This man has been proclaimed a North Carolina Living Treasure, one of only 19 individuals to hold that honor. He has works in the permanent collection at the White House and the Corning Museum of Glass. This man, a glassblower, has been featured in more art magazines, retrospectives, and glossy catalogs; has won more awards; and is represented at more galleries and museums than space permits to list.
And this man has — egregiously — scattered several of his magnificent glass creations on the ground outside of his Bakersville studio to deter deer from nibbling his fig tree. He claims the creations are flawed. I am appalled. He laughs.
In the art of glassblowing, Richard Ritter does it all. He makes his own glass from silica “flour” — and indeed, that’s precisely what it looks like — and soda, potash, lime, and barium. How could his one-of-a-kind, multicolored, magical objects come from such humble beginnings? He creates his colors — chrome red, cobalt blue — with oxides. (“A glaze on a pot is actually glass,” he explains.) Ritter blows bell-shaped “cups” that, arrayed on shelves against a sunny window, gleam like an indoor rainbow, and are just as fragile. He makes “rods,” long, thin canes like solid drinking straws, of every circumference and hue. Some have the diameter of a thread, nearly invisible to the eye.
The rods are fused and, when sliced, become murrine, for which Ritter is best known. The murrine resemble precise flowers of every size and color, and they’re stored in tiny, stacked, labeled boxes throughout the studio’s “cold room.” Mostly round, the murrine look like magic itself: bright, Technicolor Willy Wonka confections, delectable enough to eat, smooth and invitingly touchable and alluring and smaller than a pinkie’s fingernail. Layer by layer, applying heat, Ritter “blankets” these decorative glass discs onto the cups, or crystal — which he also makes himself, and for which he requires a sand with no impurities whatsoever. Some murrine he’ll manipulate so they spread into color clouds and striations in variations of peach and yellow. Others he’ll attach to form dozens of blossoms, like a bird’s-eye view of a true flower garden. He may fuse others with a process called “latticino,” and the result indeed resembles lattice, as though he’s woven a tiny blanket or shred of textile. Placed side by side, the murrine will form a leaf, a dragonfly’s wings, a face.
A Michigan native, Ritter began as an advertising man and jewelry maker, and then, “glass came along and that was the end of jewelry-making.” His first glass pieces, from 1969, were blown from molten wine bottles, Stroh’s beer bottles, and milk of magnesia bottles. As a student at Penland School of Crafts in 1971, he could only get a “blow slot” from 1:30 to 4:30 in the morning. Such is the patience of a someone with a passion.
The artist’s “hot shop” section of the studio holds 10 kilns. Eight of them were constructed by Ritter himself. Each kiln has a different purpose. One is large enough to hold platters. One is for melting colors. One can hold eight solid glass apples. Here is the “pot furnace,” here are the blocking tools, and here is a wall of long blowers in multiple diameters. Blowing glass isn’t about having lung-power, or big cheeks, Ritter says. It’s about having control. His decades-old metal hand-tools are from Italy and Germany, and are irreplaceable, though they bear no distinctive markings or decoration of any kind, not even a designated handle.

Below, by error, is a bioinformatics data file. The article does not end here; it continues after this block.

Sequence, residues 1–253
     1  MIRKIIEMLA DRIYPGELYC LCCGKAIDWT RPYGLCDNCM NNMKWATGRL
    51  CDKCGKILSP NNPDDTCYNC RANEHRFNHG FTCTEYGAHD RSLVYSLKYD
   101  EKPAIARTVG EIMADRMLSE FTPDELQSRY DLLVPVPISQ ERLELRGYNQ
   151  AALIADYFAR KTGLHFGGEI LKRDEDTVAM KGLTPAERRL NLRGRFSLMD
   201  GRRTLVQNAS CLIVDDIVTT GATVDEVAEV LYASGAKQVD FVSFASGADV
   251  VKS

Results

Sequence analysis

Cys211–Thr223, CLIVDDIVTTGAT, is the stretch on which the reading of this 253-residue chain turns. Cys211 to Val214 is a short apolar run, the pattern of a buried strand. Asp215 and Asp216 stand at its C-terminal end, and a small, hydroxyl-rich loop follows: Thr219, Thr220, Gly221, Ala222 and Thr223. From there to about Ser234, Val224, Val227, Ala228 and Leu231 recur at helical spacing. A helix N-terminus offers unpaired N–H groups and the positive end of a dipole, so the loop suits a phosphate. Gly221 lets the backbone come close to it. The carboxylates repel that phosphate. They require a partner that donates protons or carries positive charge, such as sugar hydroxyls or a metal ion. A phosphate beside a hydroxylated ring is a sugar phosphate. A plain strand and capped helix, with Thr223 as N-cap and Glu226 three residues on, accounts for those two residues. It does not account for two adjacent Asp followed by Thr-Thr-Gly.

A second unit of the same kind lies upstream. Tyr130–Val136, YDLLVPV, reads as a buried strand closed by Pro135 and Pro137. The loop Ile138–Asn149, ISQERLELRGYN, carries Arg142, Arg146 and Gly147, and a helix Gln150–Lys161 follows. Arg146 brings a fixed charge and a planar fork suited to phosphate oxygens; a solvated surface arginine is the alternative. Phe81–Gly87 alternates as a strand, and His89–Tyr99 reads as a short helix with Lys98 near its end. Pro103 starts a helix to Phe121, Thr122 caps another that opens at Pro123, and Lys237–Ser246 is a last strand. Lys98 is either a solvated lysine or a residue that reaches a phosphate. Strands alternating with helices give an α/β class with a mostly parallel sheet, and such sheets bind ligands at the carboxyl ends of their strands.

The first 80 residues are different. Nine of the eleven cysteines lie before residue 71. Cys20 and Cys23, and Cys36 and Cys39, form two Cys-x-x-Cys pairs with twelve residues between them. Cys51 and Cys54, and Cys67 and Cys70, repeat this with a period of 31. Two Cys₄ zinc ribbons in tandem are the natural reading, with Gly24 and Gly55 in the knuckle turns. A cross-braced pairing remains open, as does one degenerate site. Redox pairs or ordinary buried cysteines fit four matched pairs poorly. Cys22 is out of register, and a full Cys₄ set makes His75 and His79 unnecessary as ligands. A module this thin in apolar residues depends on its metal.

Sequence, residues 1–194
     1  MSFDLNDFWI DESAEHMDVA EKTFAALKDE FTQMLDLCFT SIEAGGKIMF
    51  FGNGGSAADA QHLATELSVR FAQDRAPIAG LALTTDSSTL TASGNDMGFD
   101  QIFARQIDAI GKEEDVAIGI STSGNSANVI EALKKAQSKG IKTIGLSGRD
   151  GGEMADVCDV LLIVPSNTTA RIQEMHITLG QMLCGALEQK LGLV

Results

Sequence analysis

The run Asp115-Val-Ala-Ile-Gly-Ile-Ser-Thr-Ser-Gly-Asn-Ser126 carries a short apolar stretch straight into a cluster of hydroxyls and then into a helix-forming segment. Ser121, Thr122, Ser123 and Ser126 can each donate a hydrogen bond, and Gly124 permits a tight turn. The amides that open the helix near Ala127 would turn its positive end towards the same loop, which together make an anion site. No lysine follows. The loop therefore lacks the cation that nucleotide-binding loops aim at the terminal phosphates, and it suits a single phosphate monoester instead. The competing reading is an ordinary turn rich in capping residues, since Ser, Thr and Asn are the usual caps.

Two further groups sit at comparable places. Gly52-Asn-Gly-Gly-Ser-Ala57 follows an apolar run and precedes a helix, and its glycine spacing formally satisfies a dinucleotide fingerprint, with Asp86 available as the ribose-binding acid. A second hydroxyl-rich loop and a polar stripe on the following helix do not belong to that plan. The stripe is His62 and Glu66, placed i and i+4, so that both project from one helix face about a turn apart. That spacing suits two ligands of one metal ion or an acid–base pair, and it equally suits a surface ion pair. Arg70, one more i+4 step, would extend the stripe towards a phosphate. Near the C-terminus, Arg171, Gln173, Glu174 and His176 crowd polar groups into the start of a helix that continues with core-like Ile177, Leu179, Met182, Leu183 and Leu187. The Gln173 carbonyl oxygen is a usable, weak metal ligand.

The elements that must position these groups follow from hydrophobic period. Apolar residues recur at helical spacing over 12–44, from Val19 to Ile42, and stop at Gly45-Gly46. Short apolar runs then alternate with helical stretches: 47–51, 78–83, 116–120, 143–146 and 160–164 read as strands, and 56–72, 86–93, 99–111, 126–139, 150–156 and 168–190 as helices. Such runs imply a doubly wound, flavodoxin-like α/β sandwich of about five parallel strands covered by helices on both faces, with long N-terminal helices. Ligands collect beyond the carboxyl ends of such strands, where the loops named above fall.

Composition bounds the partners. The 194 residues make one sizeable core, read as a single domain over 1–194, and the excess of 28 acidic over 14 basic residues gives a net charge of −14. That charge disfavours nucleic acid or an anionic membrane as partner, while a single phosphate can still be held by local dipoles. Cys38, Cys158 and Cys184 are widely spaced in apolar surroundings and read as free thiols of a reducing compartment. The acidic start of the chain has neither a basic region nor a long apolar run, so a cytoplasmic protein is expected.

The precision required in such artistry is difficult to imagine. All glass is different, and has — get ready for terminology — “a high coefficient expansion.” In layman’s terms, this means glass will explode, or at the very least, crack, if too quickly cooled. A blown apple has a core seven and a half inches deep. It must gradually cool down from thousands of degrees, spending up to 21 days in the kiln, during which time the temperature is constantly monitored, “to take the stress out of it.” Ritter does the polishing, too, and two additional machines attend to that task.
A father of three, Ritter has saved one piece from each of his series — platters, eggs, apples, chalices — in a dimly lit, carpeted room at the back of the studio, for his children. Here are photographs of apprentices and mentors, of Ritter and Jan with the Mondales, the Clintons. Most arrestingly, here are examples of his “Floral Core” series. They look as though an otherwise dull metallic egg is breaking cleanly in half. The exposed contents of the egg are nothing short of spectacular. The smooth, rounded surface gleams and sparkles with an intricate interior explosion of flowers, of millefiori, as the Italians termed it. Thousands of flowers, whose appearance suggests a fantastic kaleidoscope view; a miniscule, fairy-tale Disney kingdom; a scientific cross-section of a microscope slide. You’d never, ever, get tired of looking at it. Never, ever see all there is to see in the multidimensional layers beneath the surface.
This 74-year-old man in jeans and with a ponytail is the creator of that singular, remarkable piece. He’s far more than simply “called.” He’s a living treasure.